When you are in the throes of grief, it is difficult to think about how to grow from the experience and honor your loved one. As time passes, however, it becomes easier to do just that. We share four ways you can use your grief to make positive changes.
- Rescue a Dog
Grief is not easy to deal with, and people work through their grief for several months and even years. One way to soothe your grief and ward off the depression and anxiety it brings is to rescue a dog from a shelter (instead of buying one from a pet store which can cost up to $1,500). Rescuing a dog is a positive experience because you will open your heart to someone new. You will have a reason to get out of bed, and you will develop a loving relationship with a dog who desperately needs a home and a new lease on life. Best of all, a dog will positively impact your mental health.
Petting a dog releases oxytocin, the chemical that makes us feel good, and lowers your level of cortisol, the stress hormone. Oxytocin also promotes attachment, and connecting with a dog relieves your anxiety and depression and helps you see a more hopeful future.
After you rescue your dog, consider donating to the shelter in your loved one’s name. Rescue shelters typically are nonprofit organizations that rely on donations from the local community to keep their doors open and continue to provide care, medication, and food to abandoned animals. You can make a monetary donation, or you can donate supplies such as paper towels, blankets, pet food, leashes, cleaning supplies, cat litter, toys, and laundry detergent.
- Create a Memorial Garden
If you have space in your backyard, you can honor your loved one with a memorial garden. This is a beautiful way to symbolize growth, healing, and transition from loss to new life while keeping the memory of your loved one alive. Spending time in this garden can bring peace and comfort, and the process of creating the garden can keep you busy while going through the grieving process.
A memorial garden can be as big or small as you want it to be. If you’re planting trees or flowers, make sure they have adequate sunlight to grow. You can also add indoor lights, such as candles and lanterns, for evening visits. Water has a tranquil effect, which can be incorporated with a fountain or pond. Engraved benches and the musical sounds of windchimes can also provide comfort.
- Volunteer for a Charity Close to Your Loved One’s Heart
If your loved one worked for a particular cause or held a charity close to his or her heart, consider volunteering there. When you volunteer, you establish relationships with other people and move through your grief and depression in a healthy way. You will feel good knowing that you are helping others, and you will grow personally by knowing that you are making a difference in your community in your loved one’s honor.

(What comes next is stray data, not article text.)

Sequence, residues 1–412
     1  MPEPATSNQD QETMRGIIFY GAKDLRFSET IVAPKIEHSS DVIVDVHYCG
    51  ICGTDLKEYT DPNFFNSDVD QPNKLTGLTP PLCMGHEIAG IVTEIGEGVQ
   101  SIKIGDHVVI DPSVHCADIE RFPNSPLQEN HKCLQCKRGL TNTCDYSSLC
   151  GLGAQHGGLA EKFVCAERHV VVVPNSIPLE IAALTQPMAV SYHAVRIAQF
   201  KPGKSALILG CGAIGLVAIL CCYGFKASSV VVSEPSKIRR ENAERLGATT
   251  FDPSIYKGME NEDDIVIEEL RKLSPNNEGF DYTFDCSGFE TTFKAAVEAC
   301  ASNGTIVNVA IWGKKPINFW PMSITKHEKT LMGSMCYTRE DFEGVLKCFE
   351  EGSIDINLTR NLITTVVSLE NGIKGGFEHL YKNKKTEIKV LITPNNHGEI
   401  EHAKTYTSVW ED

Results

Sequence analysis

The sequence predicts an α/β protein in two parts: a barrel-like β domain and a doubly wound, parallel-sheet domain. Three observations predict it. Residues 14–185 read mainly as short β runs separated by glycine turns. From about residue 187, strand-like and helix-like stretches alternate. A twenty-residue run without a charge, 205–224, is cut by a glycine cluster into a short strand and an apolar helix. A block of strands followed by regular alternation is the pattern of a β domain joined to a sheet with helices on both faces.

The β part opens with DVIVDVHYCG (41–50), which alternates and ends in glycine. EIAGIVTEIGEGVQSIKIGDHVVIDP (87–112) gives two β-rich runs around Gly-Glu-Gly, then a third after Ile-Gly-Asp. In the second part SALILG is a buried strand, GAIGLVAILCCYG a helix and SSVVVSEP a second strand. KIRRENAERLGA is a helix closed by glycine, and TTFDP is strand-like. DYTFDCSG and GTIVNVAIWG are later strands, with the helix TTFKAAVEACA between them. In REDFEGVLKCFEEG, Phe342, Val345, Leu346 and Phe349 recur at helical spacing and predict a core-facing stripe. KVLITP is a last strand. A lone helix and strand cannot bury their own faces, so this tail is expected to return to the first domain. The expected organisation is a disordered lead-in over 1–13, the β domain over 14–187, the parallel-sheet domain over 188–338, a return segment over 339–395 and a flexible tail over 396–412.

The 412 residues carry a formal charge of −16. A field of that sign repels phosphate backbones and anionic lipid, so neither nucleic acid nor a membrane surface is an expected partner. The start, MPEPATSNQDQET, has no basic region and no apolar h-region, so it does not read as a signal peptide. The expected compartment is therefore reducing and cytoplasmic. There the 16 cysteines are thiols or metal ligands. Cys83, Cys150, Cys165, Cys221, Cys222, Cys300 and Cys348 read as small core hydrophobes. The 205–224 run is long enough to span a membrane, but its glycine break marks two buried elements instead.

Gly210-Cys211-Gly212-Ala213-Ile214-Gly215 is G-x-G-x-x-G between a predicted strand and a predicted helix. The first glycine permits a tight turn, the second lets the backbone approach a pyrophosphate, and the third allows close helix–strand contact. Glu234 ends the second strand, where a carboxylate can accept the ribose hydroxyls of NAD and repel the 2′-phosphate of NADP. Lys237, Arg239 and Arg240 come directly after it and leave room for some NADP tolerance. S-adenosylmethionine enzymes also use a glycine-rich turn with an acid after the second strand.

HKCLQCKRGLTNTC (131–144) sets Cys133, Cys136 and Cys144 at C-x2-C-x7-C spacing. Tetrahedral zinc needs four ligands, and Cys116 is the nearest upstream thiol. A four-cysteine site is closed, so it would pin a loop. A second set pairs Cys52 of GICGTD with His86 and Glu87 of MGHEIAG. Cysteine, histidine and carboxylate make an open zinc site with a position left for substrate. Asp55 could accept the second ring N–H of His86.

According to The Balance, volunteering improves your mental health and boosts your happiness, too. Volunteering gives you an increased sense of purpose. You will develop emotional stability and improve your self-esteem. Volunteering also boosts your resume and may lead to a better job.
- Organize a Fundraiser in Honor of Your Loved One
Putting your energy into a good cause is another way to soothe your grief and grow from the experience of losing a loved one. One way to stay busy and work toward a purpose is organizing a fundraiser in honor of your loved one. For example, if your loved one succumbed to cancer, you could start a Relay for Life team in his or her name to support the American Cancer Society. The American Cancer Society Relay for Life is an overnight community event that brings people together to fight cancer and help save lives.
Your team will camp out, take turns walking or running around a track or path, and raise money in various ways leading up to the day of the event. You and your team may host bake sales, hold a community dance, conduct a raffle, send letters to area businesses asking for donations, or start a fundraising page online. The more creative you are, the more money you will raise in the name of your loved one.
Relay for Life is not the only way to organize a fundraiser in honor of your loved one. For example, if your loved one was a veteran, you could raise money for a local VFW or local wounded veterans who need financial assistance to modify their home or purchase medical equipment. You also could raise money to spruce up a local park he enjoyed visiting, a local library he enjoyed borrowing materials from, or a local school he used to attend.
It takes time to move through your grief after losing a loved one. You can start growing from the experience and honoring your loved one by rescuing a dog and donating to a cause. You also can create a memorial garden, volunteer for a charity, or start a fundraiser to honor his memory.
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